Take the 2-minute tour ×
Stack Overflow is a question and answer site for professional and enthusiast programmers. It's 100% free, no registration required.

I have the following function:

$(document).ready(function() {
    $("#dSuggest").keypress(function() {
        var dInput = $('input:text[name=dSuggest]').val();
        console.log(dInput);
        $(".dDimension:contains('" + dInput + "')").css("display","block");
    });
});

For some reason, for the first keypress, I'm getting an empty string to the console log.

share|improve this question

5 Answers 5

up vote 42 down vote accepted

This is because keypress events are fired before the new character is added to the value of the element (so the first keypress event is fired before the first character is added, while the value is still empty). You should use keyup instead, which is fired after the character has been added.

Note that, if your element #dSuggest is the same as input:text[name=dSuggest] you can simplify this code considerably (and if it isn't, having an element with a name that is the same as the id of another element is not a good idea).

$('#dSuggest').keypress(function() {
    var dInput = this.value;
    console.log(dInput);
    $(".dDimension:contains('" + dInput + "')").css("display","block");
});
share|improve this answer
1  
Works, but with jquery 2.x out this is out of date now as the answer below using the on and input is the best way to do it now. –  ppumkin Jul 16 at 16:14
1  
@ppumkin: Just because jQuery 2 is out, doesn't mean people don't need to support IE8 and lower. And I don't see anything in the docs that suggests actual support for the input event type. –  cookie monster Aug 14 at 22:21
1  
You correct, they should stop supporting IE, point. Most "workarounds" in jQuery 1.x are for IE, so it should really be renamed to jQuerIE. –  ppumkin Aug 15 at 20:26

Realizing that this is a rather old post, I'll provide an answer anyway as I was struggling with the same problem.

You should use the "input" event instead, and register with the .on method. This is fast - without the lag of keyup and solves the missing latest keypress problem you describe.

$('#dSuggest').on("input", function() {
    var dInput = this.value;
    console.log(dInput);
    $(".dDimension:contains('" + dInput + "')").css("display","block");
});

Demo here

share|improve this answer
4  
This should be marked as a proper answer - keyup maybe solves missing character problem, but is problematic to determine if character was actually written (and the key wasn't for example "tab" or "home"). +1 for you –  Nashi Mar 28 at 13:23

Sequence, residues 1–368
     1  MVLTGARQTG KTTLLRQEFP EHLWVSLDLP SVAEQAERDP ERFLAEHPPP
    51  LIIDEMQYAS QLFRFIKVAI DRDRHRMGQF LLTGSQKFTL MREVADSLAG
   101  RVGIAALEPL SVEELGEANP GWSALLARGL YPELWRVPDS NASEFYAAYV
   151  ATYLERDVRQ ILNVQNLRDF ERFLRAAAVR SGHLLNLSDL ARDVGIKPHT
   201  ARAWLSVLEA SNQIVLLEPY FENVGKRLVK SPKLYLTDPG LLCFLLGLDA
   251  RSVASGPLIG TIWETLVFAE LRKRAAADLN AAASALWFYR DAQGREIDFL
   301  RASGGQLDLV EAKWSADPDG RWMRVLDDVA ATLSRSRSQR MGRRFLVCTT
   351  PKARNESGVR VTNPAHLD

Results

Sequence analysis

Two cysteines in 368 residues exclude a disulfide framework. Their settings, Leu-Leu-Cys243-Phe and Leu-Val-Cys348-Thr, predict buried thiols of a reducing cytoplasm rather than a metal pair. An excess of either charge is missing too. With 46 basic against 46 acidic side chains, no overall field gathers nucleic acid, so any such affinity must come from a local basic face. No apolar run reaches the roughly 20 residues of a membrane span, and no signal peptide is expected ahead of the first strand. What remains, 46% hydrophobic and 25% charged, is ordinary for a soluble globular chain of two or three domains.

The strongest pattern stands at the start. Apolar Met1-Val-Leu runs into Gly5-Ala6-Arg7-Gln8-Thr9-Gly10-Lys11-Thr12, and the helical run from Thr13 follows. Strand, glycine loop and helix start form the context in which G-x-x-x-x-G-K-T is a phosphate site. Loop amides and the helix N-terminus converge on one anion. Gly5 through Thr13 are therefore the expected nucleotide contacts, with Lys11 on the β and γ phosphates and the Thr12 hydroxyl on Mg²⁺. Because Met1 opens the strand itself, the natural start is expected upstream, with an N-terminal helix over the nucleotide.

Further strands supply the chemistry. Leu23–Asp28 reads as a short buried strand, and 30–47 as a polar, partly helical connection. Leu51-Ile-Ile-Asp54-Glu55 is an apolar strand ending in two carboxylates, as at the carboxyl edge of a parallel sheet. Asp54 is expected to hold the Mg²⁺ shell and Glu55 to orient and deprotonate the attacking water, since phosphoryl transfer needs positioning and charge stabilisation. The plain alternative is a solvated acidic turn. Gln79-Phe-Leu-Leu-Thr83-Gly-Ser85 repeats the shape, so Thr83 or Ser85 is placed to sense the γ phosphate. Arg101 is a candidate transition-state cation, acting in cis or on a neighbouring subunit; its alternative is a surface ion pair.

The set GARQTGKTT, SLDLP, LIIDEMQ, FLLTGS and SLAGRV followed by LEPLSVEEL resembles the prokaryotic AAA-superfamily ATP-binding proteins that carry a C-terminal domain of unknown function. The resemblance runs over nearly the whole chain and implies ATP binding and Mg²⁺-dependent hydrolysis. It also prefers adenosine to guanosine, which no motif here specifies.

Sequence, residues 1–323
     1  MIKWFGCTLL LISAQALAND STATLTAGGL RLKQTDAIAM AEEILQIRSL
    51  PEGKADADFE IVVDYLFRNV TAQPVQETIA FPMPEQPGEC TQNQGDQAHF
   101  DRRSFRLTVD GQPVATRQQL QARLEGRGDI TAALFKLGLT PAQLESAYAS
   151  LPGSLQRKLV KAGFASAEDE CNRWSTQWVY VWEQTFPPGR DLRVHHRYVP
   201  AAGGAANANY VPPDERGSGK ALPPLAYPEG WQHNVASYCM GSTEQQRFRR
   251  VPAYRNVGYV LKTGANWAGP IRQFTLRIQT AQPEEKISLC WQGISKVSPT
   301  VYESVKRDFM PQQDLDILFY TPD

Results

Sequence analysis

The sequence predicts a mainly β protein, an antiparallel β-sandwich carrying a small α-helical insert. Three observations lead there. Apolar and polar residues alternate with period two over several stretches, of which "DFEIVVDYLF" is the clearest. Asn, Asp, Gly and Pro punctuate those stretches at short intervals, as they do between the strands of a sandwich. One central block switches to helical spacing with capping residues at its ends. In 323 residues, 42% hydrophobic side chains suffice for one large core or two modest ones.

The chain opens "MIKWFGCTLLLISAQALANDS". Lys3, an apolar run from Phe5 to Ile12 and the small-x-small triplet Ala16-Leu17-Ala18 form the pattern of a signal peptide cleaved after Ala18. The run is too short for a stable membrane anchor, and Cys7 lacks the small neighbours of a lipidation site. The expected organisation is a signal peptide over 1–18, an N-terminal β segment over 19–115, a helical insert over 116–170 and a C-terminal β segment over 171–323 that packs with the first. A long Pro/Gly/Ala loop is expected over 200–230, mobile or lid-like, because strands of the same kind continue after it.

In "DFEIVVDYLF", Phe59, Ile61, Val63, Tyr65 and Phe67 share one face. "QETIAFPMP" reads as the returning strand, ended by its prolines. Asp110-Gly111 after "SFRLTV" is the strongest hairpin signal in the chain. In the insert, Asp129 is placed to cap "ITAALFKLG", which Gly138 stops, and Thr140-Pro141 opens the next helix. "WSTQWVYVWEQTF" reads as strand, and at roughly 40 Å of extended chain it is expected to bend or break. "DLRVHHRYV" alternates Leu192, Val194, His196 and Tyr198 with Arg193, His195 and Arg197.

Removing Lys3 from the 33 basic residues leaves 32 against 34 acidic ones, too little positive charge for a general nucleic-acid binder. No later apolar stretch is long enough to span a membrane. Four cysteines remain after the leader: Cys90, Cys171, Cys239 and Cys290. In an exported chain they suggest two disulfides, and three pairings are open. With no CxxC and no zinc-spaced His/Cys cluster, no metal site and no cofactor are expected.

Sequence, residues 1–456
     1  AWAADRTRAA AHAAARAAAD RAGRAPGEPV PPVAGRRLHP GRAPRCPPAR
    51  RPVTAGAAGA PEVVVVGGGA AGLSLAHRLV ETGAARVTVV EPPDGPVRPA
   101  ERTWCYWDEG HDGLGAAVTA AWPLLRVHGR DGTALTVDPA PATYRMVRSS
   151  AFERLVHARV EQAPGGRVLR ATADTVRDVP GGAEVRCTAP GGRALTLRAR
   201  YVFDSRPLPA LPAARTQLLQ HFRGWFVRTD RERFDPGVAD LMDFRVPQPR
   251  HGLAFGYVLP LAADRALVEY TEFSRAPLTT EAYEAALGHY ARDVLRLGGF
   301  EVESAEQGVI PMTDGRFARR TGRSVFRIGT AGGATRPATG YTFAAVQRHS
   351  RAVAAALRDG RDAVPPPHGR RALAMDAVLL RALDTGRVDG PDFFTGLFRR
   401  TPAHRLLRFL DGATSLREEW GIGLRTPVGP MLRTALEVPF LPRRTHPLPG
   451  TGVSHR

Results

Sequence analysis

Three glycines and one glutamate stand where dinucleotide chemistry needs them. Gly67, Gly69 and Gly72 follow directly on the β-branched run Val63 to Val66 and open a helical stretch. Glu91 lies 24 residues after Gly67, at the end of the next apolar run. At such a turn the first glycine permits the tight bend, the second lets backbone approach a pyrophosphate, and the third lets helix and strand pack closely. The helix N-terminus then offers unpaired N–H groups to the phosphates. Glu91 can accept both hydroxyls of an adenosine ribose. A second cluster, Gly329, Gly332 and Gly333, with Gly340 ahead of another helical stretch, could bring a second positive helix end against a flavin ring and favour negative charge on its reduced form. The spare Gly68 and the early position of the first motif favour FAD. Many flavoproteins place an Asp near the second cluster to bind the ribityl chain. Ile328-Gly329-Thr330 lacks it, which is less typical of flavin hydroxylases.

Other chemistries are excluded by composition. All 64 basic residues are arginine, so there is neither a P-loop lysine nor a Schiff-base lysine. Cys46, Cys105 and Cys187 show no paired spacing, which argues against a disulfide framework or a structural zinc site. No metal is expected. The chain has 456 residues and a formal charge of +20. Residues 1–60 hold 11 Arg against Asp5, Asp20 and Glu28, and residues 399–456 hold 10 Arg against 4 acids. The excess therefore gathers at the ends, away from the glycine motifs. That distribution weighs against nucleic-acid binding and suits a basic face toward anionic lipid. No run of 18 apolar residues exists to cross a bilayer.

Use .keyup instead of keypress.

Also use $(this).val() or just this.value to access the current input value.

DEMO here

Info about .keypress from jQuery docs,

The keypress event is sent to an element when the browser registers keyboard input. This is similar to the keydown event, except in the case of key repeats. If the user presses and holds a key, a keydown event is triggered once, but separate keypress events are triggered for each inserted character. In addition, modifier keys (such as Shift) trigger keydown events but not keypress events.

share|improve this answer
1  
keyup is too slow, and a key can be pressed and held without being released and things must happen. better to use keydown with a little timeout so the value actually changes. –  vsync Feb 26 '13 at 22:12
    
the only downside I've found is that if the user pressed more than one keyboard character together, it will not register correctly. –  vsync Feb 26 '13 at 22:18

You have to interrupt the execution thread to allow the input to update.

  $(document).ready(function(event) {
       $("#dSuggest").keypress(function() {
           //Interrupt the execution thread to allow input to update
               setTimeout(function() {
                   var dInput = $('input:text[name=dSuggest]').val();
                   console.log(dInput);
                   $(".dDimension:contains('" + dInput + "')").css("display","block");
               }, 0);
       });
  });
share|improve this answer
    
It works... but keyup is the proper event to use –  ppumkin Jul 16 at 16:13

This is because Keypress event is fired before the new character is added. Use 'keyup' event instead,which will work perfectly in your situation.

$(document).ready(function() {
    $("#dSuggest").keyup(function() {
        var dInput = $('input:text[name=dSuggest]').val();
        console.log(dInput);
        $(".dDimension:contains('" + dInput + "')").css("display","block");
    });
});

I want to add to this, if you have many textboxes and you have to do the same thing on their keyup event you can simply give them a common css class(eg commoncss) and apply keyup event like this.

$(document).ready(function() {
    $(".commoncss").keyup(function() {
        //your code
    });
});

this will greatly reduce you code as you don't have to apply keyup event by id for each textboxes.

share|improve this answer

Your Answer

 
discard

By posting your answer, you agree to the privacy policy and terms of service.

Not the answer you're looking for? Browse other questions tagged or ask your own question.